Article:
Thursday 30 December 2021

Writing Workshop: Location

I just want to have a quick word today about the importance of location when it comes to writing, especially in works of fiction.

It is supremely important when we set our story somewhere that the place where it is set actually feels believable. This can be a real tripping point for books. We may be enjoying the characters, the dialogue and the plot, but there is something that feels somewhat askew, something that we can’t quite put our finger on. More often than not, it is the place where the story is taking place, most likely because it feels vague or unbelievable. It could be that the author has set a story in a city that they have never visited, so it lacks the smell of local cuisine or the sights that one would expect to see from that place’s landmarks. This would be like me setting my stories in New York. Sure, I’ve seen it on the television and in films, but there’s no way that I could do it justice. It would feel like a cardboard cutout of the Empire State Building and the Statue of Liberty which have been smeared in hot dogs and bagels! Or it could be a fantasy land where the writer is basically making it up as they go along, so the reader just does not feel engaged with a wishy washy background to an otherwise decent tale. The reader just sees elves and orcs battling it out on a landscape which is continually changing shape and not adhering to ever-changing arbitrary rules.

So, my suggestion, when you are starting out, is to take a place that is familiar to you and use that. It could be your country, your town or even your house. Explore details of the surroundings and look at what they mean to your characters. Include things about these places that are special to you, and your love (or even, hatred) of those places will shine through in your writing and help the reader to engage with your story.

This is why I set the bulk of my stories in my hometown of Lancaster. It is familiar to me; I know all its little quirks and details. I can then bring these in a neat little package to my readers, the vast majority of whom have never been here, and they can immediately pick up a sense of the city and its surroundings. Plus, they can see how the location affects my characters such as Sam Spallucci, my investigator of the paranormal.

Have a go. See how you can get on. Take somewhere that really means something to you and just play with it.

Wednesday 15 December 2021

Spalluccipedia - Sam Spallucci

     I often get asked, "Where did the idea for sam Spallucci come from?"

    The short answer to this is a teenage blend of Mike Hammer and, amongst other movies, a pirated copy of An American Werewolf in London. I was a huge fan of the former and terrified by the latter (I still can't open the front door if it's dark and the Muppets are on TV. I'm sure you know which scene I'm referring too...). I was also heavily influenced by an old Hammer werewolf whodunnit The Beast Must Die, as I explained in my little video from January 2021.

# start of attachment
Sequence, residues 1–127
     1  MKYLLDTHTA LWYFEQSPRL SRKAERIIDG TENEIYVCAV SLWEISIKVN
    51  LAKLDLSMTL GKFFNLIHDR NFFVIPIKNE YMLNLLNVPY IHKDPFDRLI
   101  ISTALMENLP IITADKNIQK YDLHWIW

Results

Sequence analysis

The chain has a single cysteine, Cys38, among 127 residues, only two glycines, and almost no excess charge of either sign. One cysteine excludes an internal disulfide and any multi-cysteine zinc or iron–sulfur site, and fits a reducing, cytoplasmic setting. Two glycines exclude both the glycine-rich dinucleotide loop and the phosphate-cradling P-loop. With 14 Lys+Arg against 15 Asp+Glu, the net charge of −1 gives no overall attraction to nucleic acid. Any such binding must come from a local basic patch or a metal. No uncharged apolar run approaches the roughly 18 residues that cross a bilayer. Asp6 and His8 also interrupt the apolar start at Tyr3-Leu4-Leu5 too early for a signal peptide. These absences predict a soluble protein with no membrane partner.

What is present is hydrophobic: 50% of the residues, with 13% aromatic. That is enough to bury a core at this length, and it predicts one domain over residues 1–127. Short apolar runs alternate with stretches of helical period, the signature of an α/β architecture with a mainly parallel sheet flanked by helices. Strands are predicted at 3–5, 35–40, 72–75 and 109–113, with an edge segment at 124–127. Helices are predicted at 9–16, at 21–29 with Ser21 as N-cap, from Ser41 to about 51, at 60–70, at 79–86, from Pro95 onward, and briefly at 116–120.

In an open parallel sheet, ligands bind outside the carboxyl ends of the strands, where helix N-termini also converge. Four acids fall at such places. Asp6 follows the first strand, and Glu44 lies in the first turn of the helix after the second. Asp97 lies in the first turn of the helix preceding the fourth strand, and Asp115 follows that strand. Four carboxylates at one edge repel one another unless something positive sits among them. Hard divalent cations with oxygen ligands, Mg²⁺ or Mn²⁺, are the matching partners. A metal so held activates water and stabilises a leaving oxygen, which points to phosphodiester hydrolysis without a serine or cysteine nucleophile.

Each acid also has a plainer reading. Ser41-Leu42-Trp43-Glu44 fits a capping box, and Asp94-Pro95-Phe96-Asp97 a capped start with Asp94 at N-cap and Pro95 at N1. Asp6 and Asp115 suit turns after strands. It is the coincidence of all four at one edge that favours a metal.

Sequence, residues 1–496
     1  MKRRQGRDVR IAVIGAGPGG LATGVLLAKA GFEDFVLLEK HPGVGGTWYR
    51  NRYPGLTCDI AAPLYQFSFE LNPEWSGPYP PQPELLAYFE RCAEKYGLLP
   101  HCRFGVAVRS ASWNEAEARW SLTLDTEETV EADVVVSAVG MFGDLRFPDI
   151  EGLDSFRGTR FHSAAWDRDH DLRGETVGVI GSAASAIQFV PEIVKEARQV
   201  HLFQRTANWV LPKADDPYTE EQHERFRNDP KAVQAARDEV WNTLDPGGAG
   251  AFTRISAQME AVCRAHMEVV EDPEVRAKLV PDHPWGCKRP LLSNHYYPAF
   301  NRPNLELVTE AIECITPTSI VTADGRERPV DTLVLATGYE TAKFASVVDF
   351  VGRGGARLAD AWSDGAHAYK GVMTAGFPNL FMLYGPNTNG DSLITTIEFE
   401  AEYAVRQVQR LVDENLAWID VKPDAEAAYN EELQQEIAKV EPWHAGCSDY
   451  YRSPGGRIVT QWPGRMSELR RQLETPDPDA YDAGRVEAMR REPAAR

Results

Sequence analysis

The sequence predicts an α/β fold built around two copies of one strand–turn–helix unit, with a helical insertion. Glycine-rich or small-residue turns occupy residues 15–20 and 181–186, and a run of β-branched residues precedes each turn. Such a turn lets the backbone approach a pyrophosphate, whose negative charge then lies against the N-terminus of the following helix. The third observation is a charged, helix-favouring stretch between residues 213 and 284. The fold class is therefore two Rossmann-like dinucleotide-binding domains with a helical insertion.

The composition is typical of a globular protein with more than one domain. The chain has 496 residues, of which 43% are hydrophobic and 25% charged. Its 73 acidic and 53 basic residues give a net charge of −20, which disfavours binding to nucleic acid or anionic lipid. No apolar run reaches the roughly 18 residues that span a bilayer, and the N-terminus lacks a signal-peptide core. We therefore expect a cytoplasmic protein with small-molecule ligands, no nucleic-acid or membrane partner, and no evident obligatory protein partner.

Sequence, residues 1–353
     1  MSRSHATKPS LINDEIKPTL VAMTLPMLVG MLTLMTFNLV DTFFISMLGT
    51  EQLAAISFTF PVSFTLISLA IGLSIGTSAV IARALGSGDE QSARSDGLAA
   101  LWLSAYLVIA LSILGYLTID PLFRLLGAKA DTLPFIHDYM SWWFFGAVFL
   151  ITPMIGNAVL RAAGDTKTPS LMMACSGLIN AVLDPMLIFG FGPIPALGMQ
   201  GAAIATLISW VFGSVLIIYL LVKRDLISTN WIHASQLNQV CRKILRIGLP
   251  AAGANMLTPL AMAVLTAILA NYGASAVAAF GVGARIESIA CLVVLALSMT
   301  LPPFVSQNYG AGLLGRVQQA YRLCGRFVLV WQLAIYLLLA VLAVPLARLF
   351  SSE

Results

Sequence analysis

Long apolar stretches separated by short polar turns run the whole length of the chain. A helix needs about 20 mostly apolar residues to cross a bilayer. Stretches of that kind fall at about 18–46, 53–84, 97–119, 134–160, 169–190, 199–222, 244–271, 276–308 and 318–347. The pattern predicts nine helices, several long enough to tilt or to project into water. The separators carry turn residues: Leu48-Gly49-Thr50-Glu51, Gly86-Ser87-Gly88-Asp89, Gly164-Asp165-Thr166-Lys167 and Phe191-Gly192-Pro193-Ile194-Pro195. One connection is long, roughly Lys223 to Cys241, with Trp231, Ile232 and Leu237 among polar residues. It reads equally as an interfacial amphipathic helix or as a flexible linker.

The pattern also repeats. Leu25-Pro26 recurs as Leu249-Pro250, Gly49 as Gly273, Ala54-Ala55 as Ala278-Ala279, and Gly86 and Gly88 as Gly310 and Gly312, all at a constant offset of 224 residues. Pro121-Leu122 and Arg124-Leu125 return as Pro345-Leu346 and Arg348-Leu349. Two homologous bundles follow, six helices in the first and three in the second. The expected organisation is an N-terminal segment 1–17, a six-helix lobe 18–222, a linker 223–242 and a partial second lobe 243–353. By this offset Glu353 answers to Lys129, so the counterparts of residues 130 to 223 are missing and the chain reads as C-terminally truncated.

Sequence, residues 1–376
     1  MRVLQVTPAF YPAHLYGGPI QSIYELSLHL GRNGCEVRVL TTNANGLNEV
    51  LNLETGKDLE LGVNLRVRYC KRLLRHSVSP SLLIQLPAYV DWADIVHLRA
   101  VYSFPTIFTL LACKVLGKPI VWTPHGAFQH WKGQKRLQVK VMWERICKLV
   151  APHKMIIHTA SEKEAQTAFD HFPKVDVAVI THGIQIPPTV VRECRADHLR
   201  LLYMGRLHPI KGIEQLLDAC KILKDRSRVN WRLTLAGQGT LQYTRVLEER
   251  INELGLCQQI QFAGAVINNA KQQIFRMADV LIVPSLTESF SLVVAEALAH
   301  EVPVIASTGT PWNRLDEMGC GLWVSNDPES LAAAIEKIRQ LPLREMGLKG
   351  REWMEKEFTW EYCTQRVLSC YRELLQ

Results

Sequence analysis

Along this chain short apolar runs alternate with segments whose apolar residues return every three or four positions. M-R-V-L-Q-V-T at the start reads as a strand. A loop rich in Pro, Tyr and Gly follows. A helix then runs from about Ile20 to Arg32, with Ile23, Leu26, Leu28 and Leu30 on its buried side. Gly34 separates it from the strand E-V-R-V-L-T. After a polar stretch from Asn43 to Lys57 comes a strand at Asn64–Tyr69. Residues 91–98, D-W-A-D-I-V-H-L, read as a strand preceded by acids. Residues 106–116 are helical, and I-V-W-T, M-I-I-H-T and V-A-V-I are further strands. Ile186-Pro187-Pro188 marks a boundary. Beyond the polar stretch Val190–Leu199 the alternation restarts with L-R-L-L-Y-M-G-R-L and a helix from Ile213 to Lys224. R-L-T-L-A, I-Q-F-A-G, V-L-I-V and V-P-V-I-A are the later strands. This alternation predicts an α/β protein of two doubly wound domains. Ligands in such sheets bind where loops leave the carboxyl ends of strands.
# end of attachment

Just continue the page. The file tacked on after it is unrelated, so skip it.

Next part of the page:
So, one evening, when I should have been doing my chemistry homework, I sat down at this ancient Bulgarian typewriter that my dad had obtained from god knows where and wrote this, what I called, a novel (it was in fact just five or six pages…) about a fedora wearing private eye who gets called in to track down a werewolf that’s rampaging through a small village. The next day, I showed it to my mate as we sat at the back of the chemistry lesson avoiding being asked questions on a subject for which neither of us had prepared. He read it through and said that he really enjoyed it, especially the detective. He said that it was like Sam Spade meets the Wolfman. I took this as high praise indeed and as I had actually neglected to give my detective a memorable name, this suggestion got me to thinking. Sat on the other side of me was a girl named Maria Gallucci. I took Spade and Gallucci, then just glued them together and Sam Spallucci, investigator of the paranormal was born.

    Sam sort of stayed like that for about ten years or so until I drifted back to him in my twenties and started playing around with certain scenarios and realising that he could fit into the same universe as Fallen Angel, another novel that I was chipping away at. So it was that I finally knuckled down in my mid-thirties and, just after my fortieth The Casebook of Sam Spallucci was finished.

    At the time of writing this, I'm up to Sam Six (Bloodline) with four more due for release over the next few years before he catches up with the events of Fallen Angel. So, he's got a way to go yet and I hope we enjoy the journey alongside Lancaster's very own investigator of the paranormal.

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